Tallinn in the 13th century was a thriving Hanseatic trading centre where merchants and nobles from all across Europe came to do business. This fortified medieval village was one of the most famous ports in the eastern world, home for goods brought from ships that sailed from as far away as Africa, and by horse and carriage from both east and west. Tallinn was and still is a trading city, and many of the old medieval buildings are a continuing tribute to that legacy.
The present site of Schlössle Hotel is on the very same narrow cobblestone street where numerous storage buildings and merchants houses were located. Called, the Holy Spirit, this was a principal road leading from the central market to the harbour. Thousands passed this way, among them Tallinn’s finest, and today a visitor cannot help be awe-struck when he realises that he is walking where for over 500 years merchants traded and lived.
The corner of Pühavaimu and Vene Street – previously Monk’s Street – was first mentioned in writing in 1363 and the building which currently houses the City Museum was then a merchant’s home. Large stone storage buildings already stood at the site of the current “Schlössle Hotel” at the time and the first known owner of these warehouses was a Tallinn alderman, “Consul” in Latin, who lavishly adorned his home in gold coloured stone and coffer vaulted stairways.
In 1464 bürgermeister Marquart Bretholt purchased this “stenhus” and soon after, in 1470, the same “dominus et consul” Bretholt became the owner of the buildings on the corner of Vene (then Munga) Street. There was only one entrance to the inner courtyard, through the gate building housing storage rooms and living chambers. This construction, where Consul Bretholt walked each day from Tallinn’s Town Hall remains preserved to this day in the monumental rounded-arch gothic portal leading to the courtyard.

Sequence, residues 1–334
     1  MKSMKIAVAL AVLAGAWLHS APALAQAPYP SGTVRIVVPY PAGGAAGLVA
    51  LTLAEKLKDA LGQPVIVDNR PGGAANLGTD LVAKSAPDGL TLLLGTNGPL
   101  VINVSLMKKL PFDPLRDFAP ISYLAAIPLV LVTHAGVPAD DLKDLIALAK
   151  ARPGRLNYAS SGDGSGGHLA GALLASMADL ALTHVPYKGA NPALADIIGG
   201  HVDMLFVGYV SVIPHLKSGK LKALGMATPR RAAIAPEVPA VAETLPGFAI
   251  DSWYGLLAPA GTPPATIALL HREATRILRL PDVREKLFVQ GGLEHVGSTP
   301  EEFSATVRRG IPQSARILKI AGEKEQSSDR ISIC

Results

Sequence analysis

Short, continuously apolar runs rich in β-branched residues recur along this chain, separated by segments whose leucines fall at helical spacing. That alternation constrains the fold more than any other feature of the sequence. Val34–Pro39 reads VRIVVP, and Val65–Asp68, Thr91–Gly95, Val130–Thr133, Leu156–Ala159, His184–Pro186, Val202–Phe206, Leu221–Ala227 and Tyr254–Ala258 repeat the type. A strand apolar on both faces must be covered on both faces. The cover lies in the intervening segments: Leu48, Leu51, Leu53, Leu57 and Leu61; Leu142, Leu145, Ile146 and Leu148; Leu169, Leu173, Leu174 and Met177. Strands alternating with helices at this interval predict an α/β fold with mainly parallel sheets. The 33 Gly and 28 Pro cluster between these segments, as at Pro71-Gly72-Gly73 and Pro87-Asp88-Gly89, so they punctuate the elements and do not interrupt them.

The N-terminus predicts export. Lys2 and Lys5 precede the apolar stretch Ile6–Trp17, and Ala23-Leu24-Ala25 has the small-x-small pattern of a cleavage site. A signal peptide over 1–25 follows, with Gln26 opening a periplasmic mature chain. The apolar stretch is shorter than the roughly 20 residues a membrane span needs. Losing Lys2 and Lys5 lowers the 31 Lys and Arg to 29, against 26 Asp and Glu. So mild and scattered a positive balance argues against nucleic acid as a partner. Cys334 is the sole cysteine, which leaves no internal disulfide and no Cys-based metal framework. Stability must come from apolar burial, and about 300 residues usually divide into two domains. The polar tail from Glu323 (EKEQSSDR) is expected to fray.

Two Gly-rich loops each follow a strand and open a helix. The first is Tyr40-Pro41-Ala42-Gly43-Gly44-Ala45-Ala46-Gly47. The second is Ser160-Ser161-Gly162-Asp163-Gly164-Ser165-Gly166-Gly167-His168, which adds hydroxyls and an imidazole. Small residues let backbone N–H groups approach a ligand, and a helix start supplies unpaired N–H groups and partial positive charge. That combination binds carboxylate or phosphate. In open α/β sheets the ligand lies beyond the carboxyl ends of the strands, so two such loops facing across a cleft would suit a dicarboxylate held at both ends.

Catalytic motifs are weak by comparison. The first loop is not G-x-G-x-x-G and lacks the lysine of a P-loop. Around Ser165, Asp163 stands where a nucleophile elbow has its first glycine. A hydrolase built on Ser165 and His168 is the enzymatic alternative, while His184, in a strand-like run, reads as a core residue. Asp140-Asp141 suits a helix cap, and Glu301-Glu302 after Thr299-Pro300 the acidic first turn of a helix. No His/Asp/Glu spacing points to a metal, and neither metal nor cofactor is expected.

Over the centuries, the group of buildings on Holy Spirit Street have seen numerous owners, among them members of Tallinn’s most distinguished patrician families. Prestigious and noble names such as Viant, van Husen, Blanckenhagen, Hetling, Intelmann and Schlovin all appear in many of the town’s records as having lived nearby. But it was during Tallinn’s siege by Russian forces in 1710 that the black plague spread, and the storehouses and wonderful homes alongside this street were left abandoned and in ruins for many years.
In 1739 famous merchant Wilhelm Brinck purchased the twin storehouses. The right storehouse was restored in the year 1758 and the buildings saw extensive changes throughout their reconstruction. Triangular gothic gables were demolished and the cellars and ground floors were newly vaulted. All the inserted ceilings were replaced, and the stone-framed cargo windows on the façade were replace with baroque windows. Originally all the doorways, windows and ventilation openings were framed in stone - but today only a few remain.
In spite of all the changes, the sturdy medieval base-walls still stand and the building at Pühavaimu 13 can be considered as so-called “baroque-gothic”. As the importance of residential space increased, richly decorated tiled stoves painted in blue were introduced as sources of heat. Painted acanthus leaves on the ceilings are a testament to these rooms also having been later converted from storage spaces to opulent living quarters.
“Schlössle Hotel” has painstakingly preserved all the valuable old structural details and exposed them in their original splendour. Almost as if untouched by the passing centuries, the central chimney, portals of cut stone, small spiral staircases, and living chambers with irregular corners and wall niches, all this belongs to classic limestone architecture from medieval times and can be experienced as they once were. We believe that Marquart Bretholt and the many that followed him would be happy to know that their guests feel comfortable and safe within these noble walls.